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Washington Post Staffers Clash With CEO At All-Hands Meeting After Top Editor Exits

FILE - Sally Buzbee, then-senior vice president and executive editor of The Associated Press, poses for a photo, Dec. 13, 2018, in New York. The Washington Post said Sunday, June 2, 2024, that Buzbee, its executive editor, has stepped down after three years at the top of one of journalism's most storied brands. (AP Photo/Chuck Zoeller, File)

Washington Post staffers grilled the newspaper’s new CEO and publisher Will Lewis during a tense all-hands meeting — less than 24 hours after executive editor Sally Buzbee stepped down.

Buzbee — the paper’s first female executive editor in its 144-year history — exited after a three-year tenure that was marred by deteriorating finances and readership, with the last year recording more than $70 million in losses and audience declines of 50% since 2020.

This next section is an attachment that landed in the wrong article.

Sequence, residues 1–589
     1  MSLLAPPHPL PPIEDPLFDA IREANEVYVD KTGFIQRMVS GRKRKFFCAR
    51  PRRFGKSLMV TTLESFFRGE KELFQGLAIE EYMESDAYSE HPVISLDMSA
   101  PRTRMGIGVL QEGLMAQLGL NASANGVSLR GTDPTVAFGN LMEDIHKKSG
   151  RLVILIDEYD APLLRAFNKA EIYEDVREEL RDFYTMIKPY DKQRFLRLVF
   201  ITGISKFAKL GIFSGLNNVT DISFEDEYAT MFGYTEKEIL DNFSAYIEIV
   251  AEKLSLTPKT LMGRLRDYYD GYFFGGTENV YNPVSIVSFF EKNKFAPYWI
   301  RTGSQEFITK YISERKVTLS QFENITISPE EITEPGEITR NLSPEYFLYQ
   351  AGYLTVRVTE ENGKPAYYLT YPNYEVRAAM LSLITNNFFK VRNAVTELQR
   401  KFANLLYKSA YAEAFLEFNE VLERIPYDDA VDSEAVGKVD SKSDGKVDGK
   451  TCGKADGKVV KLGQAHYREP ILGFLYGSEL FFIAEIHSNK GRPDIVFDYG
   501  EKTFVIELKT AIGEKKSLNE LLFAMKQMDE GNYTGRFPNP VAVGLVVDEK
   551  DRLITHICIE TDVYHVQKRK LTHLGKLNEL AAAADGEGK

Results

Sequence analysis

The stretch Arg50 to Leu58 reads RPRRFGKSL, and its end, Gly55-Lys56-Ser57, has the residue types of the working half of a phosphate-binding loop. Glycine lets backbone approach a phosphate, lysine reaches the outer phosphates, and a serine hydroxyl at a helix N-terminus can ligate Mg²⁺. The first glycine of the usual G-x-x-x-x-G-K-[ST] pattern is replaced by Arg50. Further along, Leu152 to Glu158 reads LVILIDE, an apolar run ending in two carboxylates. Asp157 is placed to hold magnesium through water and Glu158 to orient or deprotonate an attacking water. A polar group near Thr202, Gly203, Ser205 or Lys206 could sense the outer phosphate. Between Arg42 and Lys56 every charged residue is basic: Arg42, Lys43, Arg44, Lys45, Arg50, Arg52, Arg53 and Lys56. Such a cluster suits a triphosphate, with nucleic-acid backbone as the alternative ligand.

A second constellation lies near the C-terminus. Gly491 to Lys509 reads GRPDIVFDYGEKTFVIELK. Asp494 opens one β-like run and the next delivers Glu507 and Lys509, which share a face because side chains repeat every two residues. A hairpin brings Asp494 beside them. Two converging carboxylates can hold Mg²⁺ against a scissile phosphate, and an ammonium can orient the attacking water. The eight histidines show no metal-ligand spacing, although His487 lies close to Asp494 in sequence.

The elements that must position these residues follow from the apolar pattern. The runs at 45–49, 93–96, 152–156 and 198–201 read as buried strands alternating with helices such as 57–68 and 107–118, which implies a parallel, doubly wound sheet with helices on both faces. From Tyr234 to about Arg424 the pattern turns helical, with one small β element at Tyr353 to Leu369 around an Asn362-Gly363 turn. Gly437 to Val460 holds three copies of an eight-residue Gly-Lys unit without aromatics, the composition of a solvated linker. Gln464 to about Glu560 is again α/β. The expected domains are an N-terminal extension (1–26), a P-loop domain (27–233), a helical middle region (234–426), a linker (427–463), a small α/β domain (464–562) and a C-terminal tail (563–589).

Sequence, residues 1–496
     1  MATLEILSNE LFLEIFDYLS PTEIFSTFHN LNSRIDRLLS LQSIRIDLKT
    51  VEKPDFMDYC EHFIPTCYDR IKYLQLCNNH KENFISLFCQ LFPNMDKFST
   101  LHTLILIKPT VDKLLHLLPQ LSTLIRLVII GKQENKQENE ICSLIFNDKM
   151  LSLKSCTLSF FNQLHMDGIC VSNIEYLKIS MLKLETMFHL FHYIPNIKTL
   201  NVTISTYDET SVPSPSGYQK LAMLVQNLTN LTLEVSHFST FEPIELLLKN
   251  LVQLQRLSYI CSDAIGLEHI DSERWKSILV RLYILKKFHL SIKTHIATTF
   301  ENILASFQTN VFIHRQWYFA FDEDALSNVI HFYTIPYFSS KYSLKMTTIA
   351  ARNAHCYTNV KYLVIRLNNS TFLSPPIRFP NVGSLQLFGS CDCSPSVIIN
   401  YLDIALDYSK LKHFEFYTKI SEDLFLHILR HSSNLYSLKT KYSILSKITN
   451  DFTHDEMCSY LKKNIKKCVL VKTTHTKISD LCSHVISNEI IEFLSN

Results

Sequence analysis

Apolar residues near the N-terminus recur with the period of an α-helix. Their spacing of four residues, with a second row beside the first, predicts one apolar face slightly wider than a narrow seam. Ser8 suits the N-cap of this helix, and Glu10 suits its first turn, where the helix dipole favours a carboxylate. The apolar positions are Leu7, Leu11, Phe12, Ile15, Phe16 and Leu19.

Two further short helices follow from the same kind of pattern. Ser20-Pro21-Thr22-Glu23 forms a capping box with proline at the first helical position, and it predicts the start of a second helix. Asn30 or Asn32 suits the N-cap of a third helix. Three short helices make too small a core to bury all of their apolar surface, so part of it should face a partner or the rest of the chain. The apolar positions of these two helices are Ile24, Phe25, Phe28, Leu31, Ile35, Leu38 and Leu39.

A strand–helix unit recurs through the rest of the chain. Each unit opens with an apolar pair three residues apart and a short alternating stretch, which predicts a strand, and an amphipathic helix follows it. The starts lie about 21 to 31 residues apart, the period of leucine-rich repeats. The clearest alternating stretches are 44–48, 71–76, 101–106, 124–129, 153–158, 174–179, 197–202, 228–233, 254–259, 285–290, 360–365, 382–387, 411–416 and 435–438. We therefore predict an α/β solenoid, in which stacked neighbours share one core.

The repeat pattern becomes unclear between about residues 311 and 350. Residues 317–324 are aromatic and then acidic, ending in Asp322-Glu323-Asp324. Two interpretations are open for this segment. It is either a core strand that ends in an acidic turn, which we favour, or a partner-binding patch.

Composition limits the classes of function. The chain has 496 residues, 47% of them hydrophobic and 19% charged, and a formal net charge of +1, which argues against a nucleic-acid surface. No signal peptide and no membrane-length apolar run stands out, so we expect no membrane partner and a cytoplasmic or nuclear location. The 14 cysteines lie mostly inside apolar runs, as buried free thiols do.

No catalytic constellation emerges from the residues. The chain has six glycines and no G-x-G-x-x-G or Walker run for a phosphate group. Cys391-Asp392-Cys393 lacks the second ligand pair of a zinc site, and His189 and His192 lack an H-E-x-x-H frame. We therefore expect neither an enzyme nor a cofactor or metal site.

The sharp-elbowed Lewis, British-born media exec, who joined the paper last November, had clashed with Buzbee in recent months over his aggressive plan to carve up the newsroom and Buzbee’s oversight, which pushed the editor to resign Sunday, according to reports.

Lewis highlighted the flagging readership and financials as central to the changes, telling staffers, “you’re going to thank me when you see what it’s like to produce world-class journalism,” according to a source who paraphrased his comments.

“The tone was blaming the newsroom for the losses — like that was why there has to be a new team,” the source griped. “You can imagine how people feel about that.”

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